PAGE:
Where to start…The car was basically totally mechanically restored from bumper to bumper by the previous owner. Literally almost everything mechanical is new on the car. 160,000 on the odometer but almost everything has been replaced. The engine was rebuilt about 3000 miles ago, with a 9A bottom end with new crank bearings, piston rings, seals, oil pan, oil pump, water pump, water pump pulley. The 2.0 head was supposedly rebuilt by the dealer. The salvage title is from seats being stolen from the car, with no evidence of any accidents. The car was just painted last year in Porsche Guards Red. I had big plans for it, but an out of state move is forcing me to sell.
Here is a list from the previous owner of all the new stuff. All with about 3k miles on it.
– New tank
– New main fuel pump
– good used in tank pump with sending unit (it works)
– new fuel filter
– new OEM fuel injectors
– new filler hose
– new magnaflow cat
– new OEM midpipe and exhaust
– changed output seals and main input seal. It still leaks from some place so it will have to be resealed at a point in the future
– new shifter linkage (near transmission and shifter in the car)
– new short shift kit
– new shifter knob
– new clutch cable
– new master cylinder
– new hoses and caliper seals
– new Hawk pads all the way around
– new brake disks, bearings in the rear and seals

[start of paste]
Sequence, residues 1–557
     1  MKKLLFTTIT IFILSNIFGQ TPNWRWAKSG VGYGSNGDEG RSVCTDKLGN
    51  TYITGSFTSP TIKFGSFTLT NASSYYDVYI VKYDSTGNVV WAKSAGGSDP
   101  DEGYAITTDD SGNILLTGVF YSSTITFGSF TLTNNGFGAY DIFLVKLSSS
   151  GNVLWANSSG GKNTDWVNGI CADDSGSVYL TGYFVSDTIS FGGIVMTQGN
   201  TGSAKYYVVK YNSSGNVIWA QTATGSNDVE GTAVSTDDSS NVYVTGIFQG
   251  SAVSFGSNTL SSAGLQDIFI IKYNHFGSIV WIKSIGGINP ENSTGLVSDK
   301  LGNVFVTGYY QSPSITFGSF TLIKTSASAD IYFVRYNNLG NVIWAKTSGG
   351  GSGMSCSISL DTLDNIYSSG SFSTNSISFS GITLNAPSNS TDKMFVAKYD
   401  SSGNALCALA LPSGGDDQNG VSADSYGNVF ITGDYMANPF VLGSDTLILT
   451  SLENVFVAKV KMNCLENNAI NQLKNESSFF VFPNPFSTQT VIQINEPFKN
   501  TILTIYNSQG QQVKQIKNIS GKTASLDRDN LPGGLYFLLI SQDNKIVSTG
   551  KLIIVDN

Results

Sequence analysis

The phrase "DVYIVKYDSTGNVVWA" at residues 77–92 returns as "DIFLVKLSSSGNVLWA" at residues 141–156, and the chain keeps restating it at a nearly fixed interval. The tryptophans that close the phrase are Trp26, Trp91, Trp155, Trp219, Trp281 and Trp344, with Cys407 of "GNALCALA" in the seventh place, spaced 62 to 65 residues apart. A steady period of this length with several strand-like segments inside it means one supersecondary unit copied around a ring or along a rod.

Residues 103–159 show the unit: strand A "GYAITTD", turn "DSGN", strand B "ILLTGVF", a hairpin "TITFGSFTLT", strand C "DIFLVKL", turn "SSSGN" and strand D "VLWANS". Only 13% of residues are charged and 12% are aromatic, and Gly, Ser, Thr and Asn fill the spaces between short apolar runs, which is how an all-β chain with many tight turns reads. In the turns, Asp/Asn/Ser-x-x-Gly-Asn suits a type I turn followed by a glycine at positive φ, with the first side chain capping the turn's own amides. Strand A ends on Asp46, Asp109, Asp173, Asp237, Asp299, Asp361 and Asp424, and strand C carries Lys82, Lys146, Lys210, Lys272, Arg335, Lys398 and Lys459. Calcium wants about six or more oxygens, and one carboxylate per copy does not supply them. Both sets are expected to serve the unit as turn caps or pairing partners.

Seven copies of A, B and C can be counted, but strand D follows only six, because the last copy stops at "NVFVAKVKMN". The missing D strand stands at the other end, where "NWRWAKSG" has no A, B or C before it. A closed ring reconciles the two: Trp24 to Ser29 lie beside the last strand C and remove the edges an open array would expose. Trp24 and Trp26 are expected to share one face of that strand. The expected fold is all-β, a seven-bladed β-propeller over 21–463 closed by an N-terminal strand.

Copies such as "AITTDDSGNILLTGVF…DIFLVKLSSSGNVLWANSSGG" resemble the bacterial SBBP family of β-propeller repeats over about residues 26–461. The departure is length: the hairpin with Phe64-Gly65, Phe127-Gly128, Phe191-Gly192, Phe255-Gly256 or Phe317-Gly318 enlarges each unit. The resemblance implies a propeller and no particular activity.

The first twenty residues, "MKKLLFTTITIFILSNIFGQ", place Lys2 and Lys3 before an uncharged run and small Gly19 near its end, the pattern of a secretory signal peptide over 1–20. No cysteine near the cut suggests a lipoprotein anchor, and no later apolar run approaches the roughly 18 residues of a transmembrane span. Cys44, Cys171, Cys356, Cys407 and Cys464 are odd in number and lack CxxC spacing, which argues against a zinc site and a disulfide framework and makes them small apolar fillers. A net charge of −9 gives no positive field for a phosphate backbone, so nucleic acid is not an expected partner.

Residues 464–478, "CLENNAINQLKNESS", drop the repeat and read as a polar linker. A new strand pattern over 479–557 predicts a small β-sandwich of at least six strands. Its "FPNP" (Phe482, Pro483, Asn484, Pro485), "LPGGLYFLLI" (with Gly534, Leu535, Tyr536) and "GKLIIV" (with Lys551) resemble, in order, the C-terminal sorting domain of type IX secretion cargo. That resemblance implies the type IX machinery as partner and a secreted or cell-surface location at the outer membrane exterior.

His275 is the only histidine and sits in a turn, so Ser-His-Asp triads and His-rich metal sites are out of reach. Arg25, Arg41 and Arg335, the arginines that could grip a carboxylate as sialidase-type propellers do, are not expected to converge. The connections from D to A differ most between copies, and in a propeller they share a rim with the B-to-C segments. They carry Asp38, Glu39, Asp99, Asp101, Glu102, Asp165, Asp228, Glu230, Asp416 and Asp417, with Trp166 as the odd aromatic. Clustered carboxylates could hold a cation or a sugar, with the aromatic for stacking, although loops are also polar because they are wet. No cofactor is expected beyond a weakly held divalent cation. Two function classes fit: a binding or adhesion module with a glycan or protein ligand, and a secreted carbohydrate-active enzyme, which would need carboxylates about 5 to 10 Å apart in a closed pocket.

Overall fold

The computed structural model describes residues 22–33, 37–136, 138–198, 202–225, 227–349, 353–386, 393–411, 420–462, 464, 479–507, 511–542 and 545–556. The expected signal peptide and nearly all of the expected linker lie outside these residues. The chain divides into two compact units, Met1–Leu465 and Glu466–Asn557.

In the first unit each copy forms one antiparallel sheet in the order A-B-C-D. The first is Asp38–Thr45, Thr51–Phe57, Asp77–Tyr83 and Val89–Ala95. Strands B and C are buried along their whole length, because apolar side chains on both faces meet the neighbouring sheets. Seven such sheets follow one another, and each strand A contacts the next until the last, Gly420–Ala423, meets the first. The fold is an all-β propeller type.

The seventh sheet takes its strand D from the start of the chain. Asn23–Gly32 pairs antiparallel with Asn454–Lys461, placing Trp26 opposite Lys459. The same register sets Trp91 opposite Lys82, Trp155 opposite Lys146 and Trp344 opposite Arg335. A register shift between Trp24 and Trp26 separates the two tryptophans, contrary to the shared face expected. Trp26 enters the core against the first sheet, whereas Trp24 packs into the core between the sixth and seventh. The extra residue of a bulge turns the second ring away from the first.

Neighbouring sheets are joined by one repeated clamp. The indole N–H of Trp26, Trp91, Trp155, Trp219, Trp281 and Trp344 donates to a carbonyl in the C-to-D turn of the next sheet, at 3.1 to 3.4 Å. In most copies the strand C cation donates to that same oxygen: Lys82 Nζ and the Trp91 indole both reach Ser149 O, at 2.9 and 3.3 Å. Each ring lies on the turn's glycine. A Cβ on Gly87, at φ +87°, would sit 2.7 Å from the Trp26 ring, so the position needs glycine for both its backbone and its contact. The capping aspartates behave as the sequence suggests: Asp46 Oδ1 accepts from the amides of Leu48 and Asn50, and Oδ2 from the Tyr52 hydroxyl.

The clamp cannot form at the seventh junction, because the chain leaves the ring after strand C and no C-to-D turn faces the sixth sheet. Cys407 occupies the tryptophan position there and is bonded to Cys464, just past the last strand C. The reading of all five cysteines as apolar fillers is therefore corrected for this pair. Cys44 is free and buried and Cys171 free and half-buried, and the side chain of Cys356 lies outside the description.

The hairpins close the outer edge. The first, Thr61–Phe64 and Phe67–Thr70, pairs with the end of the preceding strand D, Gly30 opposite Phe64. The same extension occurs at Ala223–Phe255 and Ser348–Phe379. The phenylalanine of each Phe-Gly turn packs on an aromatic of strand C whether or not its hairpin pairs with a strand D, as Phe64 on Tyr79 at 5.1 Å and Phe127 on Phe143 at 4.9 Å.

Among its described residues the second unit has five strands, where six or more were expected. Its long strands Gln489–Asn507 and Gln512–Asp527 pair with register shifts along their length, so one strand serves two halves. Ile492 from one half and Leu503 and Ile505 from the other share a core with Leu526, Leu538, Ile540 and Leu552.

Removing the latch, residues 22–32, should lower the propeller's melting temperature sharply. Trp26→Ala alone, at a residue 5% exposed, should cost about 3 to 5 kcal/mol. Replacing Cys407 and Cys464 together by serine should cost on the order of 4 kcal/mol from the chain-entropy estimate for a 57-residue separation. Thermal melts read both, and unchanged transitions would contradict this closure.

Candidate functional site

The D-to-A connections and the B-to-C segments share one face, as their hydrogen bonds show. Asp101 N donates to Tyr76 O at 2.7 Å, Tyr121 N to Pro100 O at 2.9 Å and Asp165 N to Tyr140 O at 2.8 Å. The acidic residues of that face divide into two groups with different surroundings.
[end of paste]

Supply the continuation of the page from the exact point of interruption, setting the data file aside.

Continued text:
– Sebring Corrado wheels in great condition (with caps)
– new tires: Toyo 195/50/15
– new OEM lug bolts
HVAC. A/C works (retrofitted to R-134)
– new heater core
– new heater core valve
– new expansion valve and drier
– new A/C compressor
– new fresh air blower
– good used evaporator and condenser
– fixed dash plenum so that the vents work and everything is nice and clean
– all 4 new headlights and bulbs
– new trunk shocks
– new wipers
– old Corrado front seats
– new Momo Montecarlo steering wheel and hub
– new turn signal switch
– new wiper switch
– new headlight switch
– new pedal pads
– new license plate lights
If you pick it up locally I also have boxes of stuff that can come with it, including the original front seats, steering wheel and another set of what could be track wheels with basically brand new tires on them. It is really a great car, and almost impossible to find in this condition. It really would make a great base for an amazing project for someone who knows what they are doing with older VWs.
There’s a lot to like here, from the mechanical freshening with the 9A 2.0 16V adding another ten horsepower to the mix to the Guards Red respray. Though not original, it certainly looks nice and is well offset by the Sebring Corrado alloys. But the one that had me mouth-agape? The air conditioning WORKS. When was the last time you saw a modified 1980s VW product (this author’s included) where the air not only worked but was updated? The Corrado seats also look at home. There are a ton of spares which are included, too.
Downsides? It’s unfortunate that prior to respray an unbent front clip wasn’t sourced, and it looks as if someone stole the ‘Volkswagen’ and ‘Scirocco’ badges from the rear, leaving scratches. There’s the branded title, too, but the positives in this case far outweigh that problem to me. At $8,000, this car is towards the higher end of the second-gen Scirocco 16V market right now but given the work performed it seems not very much out of line.